The Centre for Australian Weather and Climate Research – a partnership between the Bureau of Meteorology and CSIRO – is leading Australia's climate change and weather research
Climate questions: Is there an inconsistency between observed and modelled patterns of warming in the lower atmosphere?
It is commonly claimed that a predicted fingerprint of climate change – a warming (or hot spot) in the lower troposphere – is missing from the measurements. Recent reanalysis of the data has established that observations are not inconsistent with the modelled patterns of warming for the troposphere. Thus there is no ‘missing’ hot spot.
1 June 2011 | Updated 22 March 2013
Climate models predict that increasing greenhouse gases should warm the lower troposphere slightly more (in relative terms) than the surface.
However, until recently, observed temperature datasets did not show this level of warming in the tropical troposphere.
Since predicted changes due to increasing greenhouse gases and aerosols explain so many other observed features of 20th century climate change, scientists have sought to understand and reconcile the apparent difference between modelled and observed tropospheric temperature trends.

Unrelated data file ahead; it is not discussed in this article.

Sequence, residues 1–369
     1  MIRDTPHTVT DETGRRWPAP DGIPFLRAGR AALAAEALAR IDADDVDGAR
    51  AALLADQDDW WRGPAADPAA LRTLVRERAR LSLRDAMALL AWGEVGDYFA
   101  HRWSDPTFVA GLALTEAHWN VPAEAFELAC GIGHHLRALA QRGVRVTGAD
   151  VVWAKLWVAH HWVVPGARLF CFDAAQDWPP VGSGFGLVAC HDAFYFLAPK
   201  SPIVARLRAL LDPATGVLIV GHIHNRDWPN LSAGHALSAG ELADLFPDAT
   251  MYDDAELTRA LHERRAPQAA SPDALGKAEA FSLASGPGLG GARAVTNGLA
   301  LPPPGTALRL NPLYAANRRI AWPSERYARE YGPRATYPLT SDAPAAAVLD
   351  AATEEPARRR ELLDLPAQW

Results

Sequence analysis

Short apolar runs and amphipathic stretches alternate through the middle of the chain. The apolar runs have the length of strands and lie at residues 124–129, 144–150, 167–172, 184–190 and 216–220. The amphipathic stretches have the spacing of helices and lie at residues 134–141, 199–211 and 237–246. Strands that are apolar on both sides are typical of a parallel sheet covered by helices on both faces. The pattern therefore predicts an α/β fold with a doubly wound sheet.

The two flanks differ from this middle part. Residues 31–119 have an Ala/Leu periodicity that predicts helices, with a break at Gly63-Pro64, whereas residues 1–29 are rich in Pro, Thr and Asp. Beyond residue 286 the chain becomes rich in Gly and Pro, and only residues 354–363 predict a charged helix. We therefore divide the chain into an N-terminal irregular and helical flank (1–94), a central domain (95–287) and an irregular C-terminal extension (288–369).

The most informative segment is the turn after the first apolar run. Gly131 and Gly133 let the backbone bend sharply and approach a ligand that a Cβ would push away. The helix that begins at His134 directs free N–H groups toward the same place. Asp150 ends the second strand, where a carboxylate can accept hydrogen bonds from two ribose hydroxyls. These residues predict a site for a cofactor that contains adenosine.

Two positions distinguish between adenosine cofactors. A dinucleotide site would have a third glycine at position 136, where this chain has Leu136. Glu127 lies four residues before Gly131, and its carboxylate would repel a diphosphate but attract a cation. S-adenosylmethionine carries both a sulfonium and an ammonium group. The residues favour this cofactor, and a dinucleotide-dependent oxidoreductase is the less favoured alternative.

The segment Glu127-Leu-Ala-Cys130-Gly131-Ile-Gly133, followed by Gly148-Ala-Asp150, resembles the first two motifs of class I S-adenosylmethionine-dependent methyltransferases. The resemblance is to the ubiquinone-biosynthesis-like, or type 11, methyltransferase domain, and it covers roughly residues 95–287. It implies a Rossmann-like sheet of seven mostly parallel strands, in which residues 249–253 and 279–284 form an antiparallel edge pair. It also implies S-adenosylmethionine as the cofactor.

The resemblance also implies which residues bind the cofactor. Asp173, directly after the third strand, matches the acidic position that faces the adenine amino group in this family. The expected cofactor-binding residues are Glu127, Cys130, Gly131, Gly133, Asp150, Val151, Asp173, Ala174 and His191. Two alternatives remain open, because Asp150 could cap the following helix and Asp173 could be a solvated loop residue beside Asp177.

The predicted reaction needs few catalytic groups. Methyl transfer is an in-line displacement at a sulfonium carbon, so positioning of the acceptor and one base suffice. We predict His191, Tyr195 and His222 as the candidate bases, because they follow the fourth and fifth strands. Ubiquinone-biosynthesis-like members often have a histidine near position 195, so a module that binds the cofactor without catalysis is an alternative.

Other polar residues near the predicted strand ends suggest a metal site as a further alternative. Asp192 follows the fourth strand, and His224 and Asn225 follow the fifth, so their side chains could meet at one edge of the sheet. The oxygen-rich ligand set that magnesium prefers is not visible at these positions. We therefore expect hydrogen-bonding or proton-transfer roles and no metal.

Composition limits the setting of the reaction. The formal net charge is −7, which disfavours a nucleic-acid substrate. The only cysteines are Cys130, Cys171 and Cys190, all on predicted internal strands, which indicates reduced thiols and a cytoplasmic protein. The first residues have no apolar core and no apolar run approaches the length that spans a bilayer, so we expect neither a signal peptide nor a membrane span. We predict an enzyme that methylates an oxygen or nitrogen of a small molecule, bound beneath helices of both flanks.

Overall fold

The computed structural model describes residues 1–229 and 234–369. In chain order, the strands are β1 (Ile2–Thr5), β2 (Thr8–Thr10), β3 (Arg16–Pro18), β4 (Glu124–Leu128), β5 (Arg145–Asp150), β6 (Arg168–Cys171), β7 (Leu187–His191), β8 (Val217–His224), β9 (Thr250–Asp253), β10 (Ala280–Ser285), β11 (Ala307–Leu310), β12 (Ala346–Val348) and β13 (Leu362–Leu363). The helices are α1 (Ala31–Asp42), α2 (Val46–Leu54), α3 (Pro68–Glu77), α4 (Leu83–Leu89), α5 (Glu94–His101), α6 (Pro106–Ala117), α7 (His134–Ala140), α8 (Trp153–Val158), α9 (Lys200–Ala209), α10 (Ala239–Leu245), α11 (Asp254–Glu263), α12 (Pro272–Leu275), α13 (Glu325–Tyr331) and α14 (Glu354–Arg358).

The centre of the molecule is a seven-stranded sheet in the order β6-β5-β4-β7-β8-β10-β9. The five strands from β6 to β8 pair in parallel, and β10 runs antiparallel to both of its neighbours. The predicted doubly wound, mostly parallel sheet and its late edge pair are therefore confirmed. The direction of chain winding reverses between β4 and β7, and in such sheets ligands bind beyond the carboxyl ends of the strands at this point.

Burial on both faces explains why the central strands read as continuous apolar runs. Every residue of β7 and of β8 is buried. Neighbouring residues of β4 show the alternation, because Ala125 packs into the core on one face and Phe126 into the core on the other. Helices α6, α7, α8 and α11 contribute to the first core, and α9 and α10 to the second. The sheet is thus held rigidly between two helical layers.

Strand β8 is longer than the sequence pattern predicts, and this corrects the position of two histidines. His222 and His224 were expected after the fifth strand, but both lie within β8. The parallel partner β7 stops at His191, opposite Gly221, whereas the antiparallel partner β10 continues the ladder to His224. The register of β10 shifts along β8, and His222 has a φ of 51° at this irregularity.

There is no reasonable evidence of a fundamental disagreement between the tropospheric temperature trends from models and observations when uncertainties in both are treated comprehensively.
Based on information written by CSIRO on behalf of the Department of Climate Change http://www.climatechange.gov.au/climate-change/~/media/publications/science/hot-topics-loweratmospher.ashx [external link] and modified to reflect recent research findings. Published with permission of the Department of Climate Change.
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